As you consider your options, you must decide to focus on one aspect of your topic.
This means that you cannot include everything you’ve learned about your topic, nor should you go off in several directions.
Based on this conclusion, you can then write a trial thesis statement to help you decide what material belongs in your paper.
Sometimes you won’t be able to find a focus or identify your “spin” or specific argument immediately.
If you are writing a paper that will have an argumentative thesis and are having trouble getting started, the techniques in the table below may help you develop a temporary or “working” thesis statement.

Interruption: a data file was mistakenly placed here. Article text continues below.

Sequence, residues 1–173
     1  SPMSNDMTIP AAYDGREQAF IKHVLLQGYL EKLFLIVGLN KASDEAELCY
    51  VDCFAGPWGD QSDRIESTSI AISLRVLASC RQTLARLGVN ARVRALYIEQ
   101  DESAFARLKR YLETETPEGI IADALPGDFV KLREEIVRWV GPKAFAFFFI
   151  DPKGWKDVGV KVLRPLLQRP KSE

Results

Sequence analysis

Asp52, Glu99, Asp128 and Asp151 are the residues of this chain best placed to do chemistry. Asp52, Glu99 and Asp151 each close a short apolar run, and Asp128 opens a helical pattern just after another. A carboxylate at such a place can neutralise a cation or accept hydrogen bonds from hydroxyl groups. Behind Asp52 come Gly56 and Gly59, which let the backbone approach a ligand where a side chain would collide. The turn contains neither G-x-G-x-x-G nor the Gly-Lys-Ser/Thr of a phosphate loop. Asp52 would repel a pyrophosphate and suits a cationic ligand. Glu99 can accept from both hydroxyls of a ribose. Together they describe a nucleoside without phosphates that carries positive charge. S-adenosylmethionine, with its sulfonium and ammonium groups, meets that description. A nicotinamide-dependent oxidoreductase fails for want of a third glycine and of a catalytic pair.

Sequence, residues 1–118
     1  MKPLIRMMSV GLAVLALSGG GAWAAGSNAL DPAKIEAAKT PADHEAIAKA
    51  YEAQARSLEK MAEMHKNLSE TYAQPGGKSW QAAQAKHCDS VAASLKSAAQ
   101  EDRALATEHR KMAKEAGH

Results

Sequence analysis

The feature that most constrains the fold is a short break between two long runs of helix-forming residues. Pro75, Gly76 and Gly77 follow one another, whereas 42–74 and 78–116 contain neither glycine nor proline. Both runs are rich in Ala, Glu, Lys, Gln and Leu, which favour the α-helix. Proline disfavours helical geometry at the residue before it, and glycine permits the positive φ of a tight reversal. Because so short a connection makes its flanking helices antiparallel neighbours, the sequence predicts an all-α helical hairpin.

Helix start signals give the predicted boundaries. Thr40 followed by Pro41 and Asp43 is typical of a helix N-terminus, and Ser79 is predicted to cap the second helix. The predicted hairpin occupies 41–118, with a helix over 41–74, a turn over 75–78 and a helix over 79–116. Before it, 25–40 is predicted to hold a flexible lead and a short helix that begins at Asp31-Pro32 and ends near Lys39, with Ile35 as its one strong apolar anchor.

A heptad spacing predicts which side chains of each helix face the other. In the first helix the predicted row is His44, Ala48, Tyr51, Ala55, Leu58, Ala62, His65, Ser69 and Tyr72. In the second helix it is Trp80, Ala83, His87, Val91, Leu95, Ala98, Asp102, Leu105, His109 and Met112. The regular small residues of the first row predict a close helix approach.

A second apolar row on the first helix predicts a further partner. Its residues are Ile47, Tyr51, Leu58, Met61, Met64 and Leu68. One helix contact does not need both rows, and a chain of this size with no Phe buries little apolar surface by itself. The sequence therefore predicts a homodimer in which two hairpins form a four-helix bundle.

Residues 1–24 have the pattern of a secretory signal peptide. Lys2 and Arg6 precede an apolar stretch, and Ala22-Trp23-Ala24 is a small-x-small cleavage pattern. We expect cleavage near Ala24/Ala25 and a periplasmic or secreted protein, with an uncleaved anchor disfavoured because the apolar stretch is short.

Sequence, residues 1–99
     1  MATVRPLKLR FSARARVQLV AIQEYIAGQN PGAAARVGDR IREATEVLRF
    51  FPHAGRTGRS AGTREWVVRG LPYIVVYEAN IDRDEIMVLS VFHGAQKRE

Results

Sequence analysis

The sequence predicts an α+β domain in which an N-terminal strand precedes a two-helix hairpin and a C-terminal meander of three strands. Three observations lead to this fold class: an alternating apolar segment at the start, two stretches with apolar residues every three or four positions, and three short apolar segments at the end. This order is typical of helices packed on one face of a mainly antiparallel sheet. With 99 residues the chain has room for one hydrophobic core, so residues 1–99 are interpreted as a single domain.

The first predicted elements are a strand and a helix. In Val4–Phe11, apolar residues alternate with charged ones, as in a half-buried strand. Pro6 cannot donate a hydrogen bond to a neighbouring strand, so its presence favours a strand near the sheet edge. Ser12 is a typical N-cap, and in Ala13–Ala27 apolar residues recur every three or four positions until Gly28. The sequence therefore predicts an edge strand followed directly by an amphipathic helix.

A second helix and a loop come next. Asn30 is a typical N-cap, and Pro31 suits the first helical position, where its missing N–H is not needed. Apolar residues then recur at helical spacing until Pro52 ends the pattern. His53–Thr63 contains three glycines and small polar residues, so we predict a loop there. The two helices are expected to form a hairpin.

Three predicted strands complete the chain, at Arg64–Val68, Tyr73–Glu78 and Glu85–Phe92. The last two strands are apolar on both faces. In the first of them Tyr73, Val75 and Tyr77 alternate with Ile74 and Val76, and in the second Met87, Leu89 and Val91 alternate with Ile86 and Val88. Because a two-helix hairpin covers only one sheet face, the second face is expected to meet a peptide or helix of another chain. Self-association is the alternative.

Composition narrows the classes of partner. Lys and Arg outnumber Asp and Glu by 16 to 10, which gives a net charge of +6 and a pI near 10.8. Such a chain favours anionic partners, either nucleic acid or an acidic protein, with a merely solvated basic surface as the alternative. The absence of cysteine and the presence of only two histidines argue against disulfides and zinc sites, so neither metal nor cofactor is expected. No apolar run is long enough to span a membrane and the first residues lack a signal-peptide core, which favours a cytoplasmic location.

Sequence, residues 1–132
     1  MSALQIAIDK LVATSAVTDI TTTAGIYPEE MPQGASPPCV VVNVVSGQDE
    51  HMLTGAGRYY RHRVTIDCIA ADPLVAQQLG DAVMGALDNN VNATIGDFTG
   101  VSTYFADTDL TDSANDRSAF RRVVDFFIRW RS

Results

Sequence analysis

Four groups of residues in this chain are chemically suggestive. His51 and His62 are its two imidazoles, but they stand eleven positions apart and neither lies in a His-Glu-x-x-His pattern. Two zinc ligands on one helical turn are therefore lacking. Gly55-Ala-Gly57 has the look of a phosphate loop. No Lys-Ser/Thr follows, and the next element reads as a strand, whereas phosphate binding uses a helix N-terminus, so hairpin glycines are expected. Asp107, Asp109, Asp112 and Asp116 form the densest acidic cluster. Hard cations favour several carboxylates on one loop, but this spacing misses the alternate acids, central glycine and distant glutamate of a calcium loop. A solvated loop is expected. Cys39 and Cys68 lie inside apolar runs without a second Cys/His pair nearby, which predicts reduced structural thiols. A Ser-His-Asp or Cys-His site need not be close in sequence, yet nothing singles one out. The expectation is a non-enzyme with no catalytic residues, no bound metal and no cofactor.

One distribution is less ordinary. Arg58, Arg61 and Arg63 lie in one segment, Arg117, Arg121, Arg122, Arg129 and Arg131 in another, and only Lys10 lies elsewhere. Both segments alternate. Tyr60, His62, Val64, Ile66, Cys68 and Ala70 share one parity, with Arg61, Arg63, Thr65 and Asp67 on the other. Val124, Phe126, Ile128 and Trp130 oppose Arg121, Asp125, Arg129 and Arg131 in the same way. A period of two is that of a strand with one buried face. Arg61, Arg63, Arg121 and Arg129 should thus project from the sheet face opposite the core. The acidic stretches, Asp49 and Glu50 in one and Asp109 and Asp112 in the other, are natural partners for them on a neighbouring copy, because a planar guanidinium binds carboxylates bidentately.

Begin with a purpose statement that you will later turn into a thesis statement.You may instead decide to focus on Franco’s role in the diplomatic relationships between the Allies and the Axis, which narrows down what aspects of Spain’s neutrality and World War II you want to discuss, as well as establishes a specific link between those two aspects.Before you go too far, however, ask yourself whether your topic is worthy of your efforts.Like some writers, you might begin with a purpose statement just to get yourself going.A purpose statement is one or more sentences that announce your topic and indicate the structure of the paper but do not state the conclusions you have drawn.Sometimes your thesis needs to evolve as you develop new insights, find new evidence, or take a different approach to your topic.Once you have a topic, you will have to decide what the main point of your paper will be.This point, the “controlling idea,” becomes the core of your argument (thesis statement) and it is the unifying idea to which you will relate all your sub-theses.You can then turn this “controlling idea” into a purpose statement about what you intend to do in your paper.To arrive at this point, ask yourself what is new, interesting, contestable, or controversial about your topic.As you work on your thesis, remember to keep the rest of your paper in mind at all times.